- My riding shoes were constantly wet. Each night I pulled out the inserts and kept them in the tent near my side so that some body heat would tranfer from the sleeping bag and dry them out. This worked pretty well. Whenever I could scrounge up some newspaper, I shoved that in my riding shoes to try to soak up the water. This technique worked but on most days I didn't have enough paper, and it would have been good to be able to swap out the paper once or twice before the next day's ride.
- My tent mate and I relied on the tent vestibule to store wet things: shoes, cambelbak primarily. In the second half of the week I also started keeping dirty clothes out in the vestibule. We learned that nothing drys in the vestibule and it would have been better to keep those things inside the tent to get some of the heat that builds up.
- I should have brought some type of athletic pants to use on rainy days - something that repelled water a bit. My only pair of pants were cotton and they stayed damped the whole trip.
- I used the new Crocs that have cloth on top and have good rubber support on the bottom. They worked out really well. I also had tennis shoes and they became a nuisance because I never used them and they took up significant space in my BCBR red bag.
- Gold Bond powder helped a few times to dry out the crotch (I had a travel size with me that I got at Target)
- Should have brought more riding gloves, maybe even 7 pairs (I brought 3 pairs). They were hard to dry out because of the weather we had so I was always starting with wet gloves. They don't take up much space and can be crammed anywhere in the bag.
- I kept each riding outfit in a separate large freezer bag. I used a smaller gallon size freezer bag to store 8 pairs of underwear, socks, and a t-shirt. This definitely helped keep the vital stuff completely dry, and it made it easy to organize things inside the tent. I could just pull out the next riding outfit so that it was ready to go in the morning. Having the larger freezer bags also helped contained the smell of dirty wet riding clothes later in the week.
- Charging phone, garmin, and other accessories: the "Bears Den" isn't as great as it sounds. The hours are limited and the power is flaky at some locations. You may get a charge up to 100% or you may get your phone back still not fully charged. I bought an EasyAcc Monster 20000mAh Power Bank on Amazon. This charged my smartphone 5-7 times back up to 100%. It has 4 USB ports so I ended up charging my friend's phones too. The catch is that it takes FOREVER to charge this unit back up once it runs dry. You'll need to find an outlet at a school or community center along the way and give it multiple hours. The Bear Den power won't do much to charge this unit back up.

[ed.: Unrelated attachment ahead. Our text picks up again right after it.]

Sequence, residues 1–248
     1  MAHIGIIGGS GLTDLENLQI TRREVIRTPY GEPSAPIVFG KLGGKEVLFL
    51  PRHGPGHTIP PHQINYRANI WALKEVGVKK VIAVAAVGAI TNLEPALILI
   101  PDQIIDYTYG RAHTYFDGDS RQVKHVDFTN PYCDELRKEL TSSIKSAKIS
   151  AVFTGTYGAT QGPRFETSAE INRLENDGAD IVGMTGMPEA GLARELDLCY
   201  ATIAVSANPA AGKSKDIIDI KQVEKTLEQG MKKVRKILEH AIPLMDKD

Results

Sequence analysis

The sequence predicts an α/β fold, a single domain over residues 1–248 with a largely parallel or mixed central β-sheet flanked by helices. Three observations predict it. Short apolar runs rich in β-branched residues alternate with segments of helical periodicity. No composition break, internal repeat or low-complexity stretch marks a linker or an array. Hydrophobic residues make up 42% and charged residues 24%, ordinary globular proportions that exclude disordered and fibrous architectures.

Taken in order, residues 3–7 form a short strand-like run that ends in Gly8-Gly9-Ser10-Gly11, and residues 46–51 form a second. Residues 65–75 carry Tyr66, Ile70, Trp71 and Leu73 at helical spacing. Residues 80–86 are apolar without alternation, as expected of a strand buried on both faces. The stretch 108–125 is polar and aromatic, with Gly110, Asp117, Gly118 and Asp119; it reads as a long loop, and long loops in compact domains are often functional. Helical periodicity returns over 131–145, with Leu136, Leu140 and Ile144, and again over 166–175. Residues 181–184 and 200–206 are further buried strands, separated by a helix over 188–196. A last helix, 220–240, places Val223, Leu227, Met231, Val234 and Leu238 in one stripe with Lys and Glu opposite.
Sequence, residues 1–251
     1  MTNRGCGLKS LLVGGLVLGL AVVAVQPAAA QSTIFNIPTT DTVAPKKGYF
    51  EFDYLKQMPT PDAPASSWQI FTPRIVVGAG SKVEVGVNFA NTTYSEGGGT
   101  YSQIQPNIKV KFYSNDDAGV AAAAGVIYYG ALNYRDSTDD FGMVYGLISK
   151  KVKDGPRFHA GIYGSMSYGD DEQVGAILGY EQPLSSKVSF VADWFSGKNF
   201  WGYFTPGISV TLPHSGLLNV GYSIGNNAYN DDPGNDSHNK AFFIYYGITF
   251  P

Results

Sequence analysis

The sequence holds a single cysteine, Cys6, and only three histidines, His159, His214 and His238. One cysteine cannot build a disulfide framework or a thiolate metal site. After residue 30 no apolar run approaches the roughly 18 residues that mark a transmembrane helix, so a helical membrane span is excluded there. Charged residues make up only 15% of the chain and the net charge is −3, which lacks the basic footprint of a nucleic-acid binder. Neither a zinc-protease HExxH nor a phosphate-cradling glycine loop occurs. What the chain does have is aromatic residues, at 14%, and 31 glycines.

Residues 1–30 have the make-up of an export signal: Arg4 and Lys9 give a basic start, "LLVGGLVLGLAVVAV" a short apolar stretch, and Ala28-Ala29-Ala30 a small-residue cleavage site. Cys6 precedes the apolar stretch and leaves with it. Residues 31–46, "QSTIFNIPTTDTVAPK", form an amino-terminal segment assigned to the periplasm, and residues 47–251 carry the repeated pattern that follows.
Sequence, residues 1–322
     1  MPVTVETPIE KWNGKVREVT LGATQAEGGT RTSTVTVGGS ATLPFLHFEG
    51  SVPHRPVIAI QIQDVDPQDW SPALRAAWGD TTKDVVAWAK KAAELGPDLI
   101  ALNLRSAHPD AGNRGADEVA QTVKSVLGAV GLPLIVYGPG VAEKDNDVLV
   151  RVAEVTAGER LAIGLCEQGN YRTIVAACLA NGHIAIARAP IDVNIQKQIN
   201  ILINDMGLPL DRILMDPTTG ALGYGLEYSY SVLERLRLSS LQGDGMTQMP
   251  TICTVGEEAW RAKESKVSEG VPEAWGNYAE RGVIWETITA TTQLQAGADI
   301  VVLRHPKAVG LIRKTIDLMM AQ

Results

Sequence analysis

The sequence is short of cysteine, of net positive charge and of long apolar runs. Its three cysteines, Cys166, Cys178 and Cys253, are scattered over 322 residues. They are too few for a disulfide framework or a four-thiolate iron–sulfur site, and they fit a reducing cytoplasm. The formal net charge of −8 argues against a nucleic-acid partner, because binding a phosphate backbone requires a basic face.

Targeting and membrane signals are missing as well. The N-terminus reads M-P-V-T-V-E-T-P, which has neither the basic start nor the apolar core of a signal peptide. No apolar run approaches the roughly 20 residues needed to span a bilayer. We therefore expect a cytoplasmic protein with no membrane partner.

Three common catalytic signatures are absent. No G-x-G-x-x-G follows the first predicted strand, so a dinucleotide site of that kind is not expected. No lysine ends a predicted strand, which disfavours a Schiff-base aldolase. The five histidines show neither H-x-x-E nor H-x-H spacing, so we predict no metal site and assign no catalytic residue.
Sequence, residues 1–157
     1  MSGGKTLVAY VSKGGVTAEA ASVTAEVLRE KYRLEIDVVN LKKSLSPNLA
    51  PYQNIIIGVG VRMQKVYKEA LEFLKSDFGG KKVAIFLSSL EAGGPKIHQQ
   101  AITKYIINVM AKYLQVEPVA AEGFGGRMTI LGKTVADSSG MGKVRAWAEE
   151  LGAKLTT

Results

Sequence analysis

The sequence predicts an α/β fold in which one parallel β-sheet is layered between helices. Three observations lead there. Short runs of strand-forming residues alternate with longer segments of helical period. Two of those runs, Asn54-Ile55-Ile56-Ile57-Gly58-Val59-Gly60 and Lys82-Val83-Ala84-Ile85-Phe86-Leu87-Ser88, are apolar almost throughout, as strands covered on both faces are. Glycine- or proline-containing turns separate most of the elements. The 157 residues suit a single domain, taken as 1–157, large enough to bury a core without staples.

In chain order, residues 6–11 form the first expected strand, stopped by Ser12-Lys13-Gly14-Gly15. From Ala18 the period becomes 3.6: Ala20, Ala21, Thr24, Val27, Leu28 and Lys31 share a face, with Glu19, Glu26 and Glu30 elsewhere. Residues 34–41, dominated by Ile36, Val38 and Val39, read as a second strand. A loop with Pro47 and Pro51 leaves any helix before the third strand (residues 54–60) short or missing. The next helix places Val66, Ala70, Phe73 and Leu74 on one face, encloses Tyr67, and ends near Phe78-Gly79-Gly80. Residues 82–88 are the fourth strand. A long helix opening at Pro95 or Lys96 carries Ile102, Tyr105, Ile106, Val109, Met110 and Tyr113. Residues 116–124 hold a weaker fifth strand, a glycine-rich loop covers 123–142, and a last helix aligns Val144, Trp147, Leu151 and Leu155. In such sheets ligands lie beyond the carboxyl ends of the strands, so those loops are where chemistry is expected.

The Biknd Jetpack bike bag worked really well. At the airport in Boston at the beginning of the trip, TSA opened up each of our bike bags and even took the wheels out to inspect everything. There were five of us, and we hadn't accounted for this extra time before being able to go through regular security and get over to the gate. However the TSA guy was able to go through my Biknd bag very easily (there were 2 other people traveling with me that had the same bag). I was worried about my wheels being damaged using this soft shell bag, but they were fine. 2 people traveling with me had much more work to do using hard shell cases, as they had to disassemble their bikes a lot more than I did. I only had to take off the wheels and pedals, and detach the handle bar and derailleur.
One tip regarding packing the BCBR red bag that one of my friends came up with. Instead of storing it in the main compartment of the red bag in it's stuff sack, I didn't use the stuff sack and instead stuffed the bag into one of the end compartments, AFTER having filled up the bag with all of my other gear. The sleeping bag is much easier to stuff into an already full bag compared to clothes, sneakers, toiletries, etc.